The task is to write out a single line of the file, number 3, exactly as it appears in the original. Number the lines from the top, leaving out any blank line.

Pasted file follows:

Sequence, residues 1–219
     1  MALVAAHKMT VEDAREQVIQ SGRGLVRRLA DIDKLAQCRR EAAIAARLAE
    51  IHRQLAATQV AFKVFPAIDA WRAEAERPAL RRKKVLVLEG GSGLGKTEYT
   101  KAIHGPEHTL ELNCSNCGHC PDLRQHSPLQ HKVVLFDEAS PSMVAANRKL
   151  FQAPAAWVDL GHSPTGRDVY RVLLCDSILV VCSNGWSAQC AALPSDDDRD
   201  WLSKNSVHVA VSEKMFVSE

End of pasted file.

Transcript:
    51  IHRQLAATQV AFKVFPAIDA WRAEAERPAL RRKKVLVLEG GSGLGKTEYT